سرمایه گذاری مستقیم خارجی، پردازش تجارت ، و پیچیدگی صادرات چین
|کد مقاله||سال انتشار||مقاله انگلیسی||ترجمه فارسی||تعداد کلمات|
|9521||2009||15 صفحه PDF||سفارش دهید||محاسبه نشده|
Publisher : Elsevier - Science Direct (الزویر - ساینس دایرکت)
Journal : China Economic Review, Volume 20, Issue 3, September 2009, Pages 425–439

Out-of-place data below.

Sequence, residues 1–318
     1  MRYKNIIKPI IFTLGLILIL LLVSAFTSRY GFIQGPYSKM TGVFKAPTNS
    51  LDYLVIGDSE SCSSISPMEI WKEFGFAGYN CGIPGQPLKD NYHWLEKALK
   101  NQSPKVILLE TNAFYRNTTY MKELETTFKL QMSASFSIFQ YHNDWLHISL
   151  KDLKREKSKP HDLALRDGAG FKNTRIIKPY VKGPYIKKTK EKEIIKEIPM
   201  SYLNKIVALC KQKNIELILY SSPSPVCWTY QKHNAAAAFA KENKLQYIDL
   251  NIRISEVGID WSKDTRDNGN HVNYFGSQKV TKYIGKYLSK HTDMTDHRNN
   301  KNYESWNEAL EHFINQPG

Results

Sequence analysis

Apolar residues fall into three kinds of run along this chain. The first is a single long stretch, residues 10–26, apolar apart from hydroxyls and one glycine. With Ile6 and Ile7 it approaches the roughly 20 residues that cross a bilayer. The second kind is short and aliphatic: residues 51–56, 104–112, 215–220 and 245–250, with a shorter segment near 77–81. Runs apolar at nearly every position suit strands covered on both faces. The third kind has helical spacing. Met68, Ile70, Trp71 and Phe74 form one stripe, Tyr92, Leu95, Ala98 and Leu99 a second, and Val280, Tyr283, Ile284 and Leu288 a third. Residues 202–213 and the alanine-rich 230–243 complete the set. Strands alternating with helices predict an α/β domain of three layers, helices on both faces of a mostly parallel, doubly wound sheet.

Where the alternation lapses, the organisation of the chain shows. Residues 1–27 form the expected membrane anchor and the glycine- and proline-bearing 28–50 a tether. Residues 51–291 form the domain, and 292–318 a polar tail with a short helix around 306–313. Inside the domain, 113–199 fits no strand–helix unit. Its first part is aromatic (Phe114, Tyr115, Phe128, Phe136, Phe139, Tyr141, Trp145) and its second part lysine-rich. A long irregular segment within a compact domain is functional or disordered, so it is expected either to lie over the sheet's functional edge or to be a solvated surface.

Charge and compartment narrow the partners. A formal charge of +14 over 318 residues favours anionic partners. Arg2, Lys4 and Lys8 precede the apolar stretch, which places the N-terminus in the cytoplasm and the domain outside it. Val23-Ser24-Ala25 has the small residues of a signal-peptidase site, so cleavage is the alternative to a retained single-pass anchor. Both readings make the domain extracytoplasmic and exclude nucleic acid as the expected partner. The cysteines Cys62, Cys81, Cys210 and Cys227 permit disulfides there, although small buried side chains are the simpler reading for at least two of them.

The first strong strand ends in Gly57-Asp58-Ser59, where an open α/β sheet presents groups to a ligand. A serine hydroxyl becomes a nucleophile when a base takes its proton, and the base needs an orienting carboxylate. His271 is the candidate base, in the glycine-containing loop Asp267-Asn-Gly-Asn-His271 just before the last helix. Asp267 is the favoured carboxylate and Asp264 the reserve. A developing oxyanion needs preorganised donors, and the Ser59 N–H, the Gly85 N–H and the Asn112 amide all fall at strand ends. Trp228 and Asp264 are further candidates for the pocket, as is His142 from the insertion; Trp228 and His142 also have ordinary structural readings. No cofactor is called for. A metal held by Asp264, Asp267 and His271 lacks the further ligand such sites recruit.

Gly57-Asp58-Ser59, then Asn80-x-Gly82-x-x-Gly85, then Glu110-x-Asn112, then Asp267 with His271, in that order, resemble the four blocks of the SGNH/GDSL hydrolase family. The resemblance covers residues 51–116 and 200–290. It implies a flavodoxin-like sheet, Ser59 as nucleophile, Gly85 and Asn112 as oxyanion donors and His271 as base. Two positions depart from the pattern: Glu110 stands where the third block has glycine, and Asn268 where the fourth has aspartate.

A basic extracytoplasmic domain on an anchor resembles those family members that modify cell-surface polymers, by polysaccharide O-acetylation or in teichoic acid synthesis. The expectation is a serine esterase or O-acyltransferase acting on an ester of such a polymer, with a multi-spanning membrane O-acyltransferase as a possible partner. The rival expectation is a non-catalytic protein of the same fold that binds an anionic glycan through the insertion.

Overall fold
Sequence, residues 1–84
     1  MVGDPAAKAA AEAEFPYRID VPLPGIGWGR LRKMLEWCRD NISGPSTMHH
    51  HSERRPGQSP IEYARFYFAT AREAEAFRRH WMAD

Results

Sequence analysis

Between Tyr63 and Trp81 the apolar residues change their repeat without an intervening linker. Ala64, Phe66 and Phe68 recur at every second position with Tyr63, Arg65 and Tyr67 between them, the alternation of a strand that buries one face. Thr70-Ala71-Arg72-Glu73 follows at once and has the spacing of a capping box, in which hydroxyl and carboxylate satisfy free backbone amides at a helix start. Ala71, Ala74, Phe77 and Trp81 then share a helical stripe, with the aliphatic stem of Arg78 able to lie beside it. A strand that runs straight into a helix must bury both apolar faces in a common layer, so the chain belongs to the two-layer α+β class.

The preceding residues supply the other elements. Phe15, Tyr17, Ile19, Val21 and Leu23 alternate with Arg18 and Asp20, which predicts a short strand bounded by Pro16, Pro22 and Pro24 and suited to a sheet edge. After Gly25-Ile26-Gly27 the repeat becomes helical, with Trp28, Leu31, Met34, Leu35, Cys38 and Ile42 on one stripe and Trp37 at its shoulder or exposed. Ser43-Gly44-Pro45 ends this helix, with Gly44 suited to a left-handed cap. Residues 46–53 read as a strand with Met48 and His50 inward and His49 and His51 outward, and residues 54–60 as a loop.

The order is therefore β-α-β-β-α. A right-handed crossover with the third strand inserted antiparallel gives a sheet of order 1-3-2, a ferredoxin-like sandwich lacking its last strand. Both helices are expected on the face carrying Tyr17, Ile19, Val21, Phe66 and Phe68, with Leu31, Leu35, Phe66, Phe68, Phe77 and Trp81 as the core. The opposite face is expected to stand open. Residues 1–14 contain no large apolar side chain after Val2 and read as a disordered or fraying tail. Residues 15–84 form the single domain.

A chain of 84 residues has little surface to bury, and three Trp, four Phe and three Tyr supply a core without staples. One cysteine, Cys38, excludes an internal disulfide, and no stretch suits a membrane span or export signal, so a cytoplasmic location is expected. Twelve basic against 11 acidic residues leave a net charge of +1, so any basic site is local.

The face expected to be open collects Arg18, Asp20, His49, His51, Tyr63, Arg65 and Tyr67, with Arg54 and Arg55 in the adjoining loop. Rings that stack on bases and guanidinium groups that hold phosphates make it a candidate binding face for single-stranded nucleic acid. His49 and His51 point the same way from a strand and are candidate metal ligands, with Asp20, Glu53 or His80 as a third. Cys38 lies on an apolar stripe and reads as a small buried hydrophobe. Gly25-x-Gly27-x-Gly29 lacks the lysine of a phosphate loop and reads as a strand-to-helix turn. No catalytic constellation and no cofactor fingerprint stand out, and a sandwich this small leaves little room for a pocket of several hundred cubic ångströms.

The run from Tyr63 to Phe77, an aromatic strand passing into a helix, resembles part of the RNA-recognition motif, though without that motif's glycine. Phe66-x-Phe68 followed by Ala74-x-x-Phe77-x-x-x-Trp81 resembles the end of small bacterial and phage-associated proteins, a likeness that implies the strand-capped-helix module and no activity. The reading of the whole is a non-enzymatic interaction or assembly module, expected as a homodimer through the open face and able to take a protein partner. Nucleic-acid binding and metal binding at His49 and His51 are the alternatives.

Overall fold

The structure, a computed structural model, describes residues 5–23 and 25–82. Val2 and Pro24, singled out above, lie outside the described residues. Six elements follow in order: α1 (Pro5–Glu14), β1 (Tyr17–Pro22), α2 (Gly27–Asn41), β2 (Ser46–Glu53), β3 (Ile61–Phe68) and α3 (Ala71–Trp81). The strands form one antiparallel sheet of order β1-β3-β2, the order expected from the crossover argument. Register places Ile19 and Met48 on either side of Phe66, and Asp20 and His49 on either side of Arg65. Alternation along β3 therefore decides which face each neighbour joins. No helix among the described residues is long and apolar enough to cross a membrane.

China's export structure has shown a rapid shift towards more sophisticated industries. While some believe that this trend is a result of processing trade and foreign direct investment, the evidence is mixed. This paper examines variations in level of export sophistication across China's manufacturing industries. We find that an industry's level of export sophistication is positively related to the share of wholly foreign owned enterprises from OECD countries and the share of processing exports of foreign-invested enterprises, and negatively related to the share of processing exports of indigenous Chinese enterprises. Evidence from the relative export prices of Chinese goods, which measure within-product export sophistication, shows a similar pattern.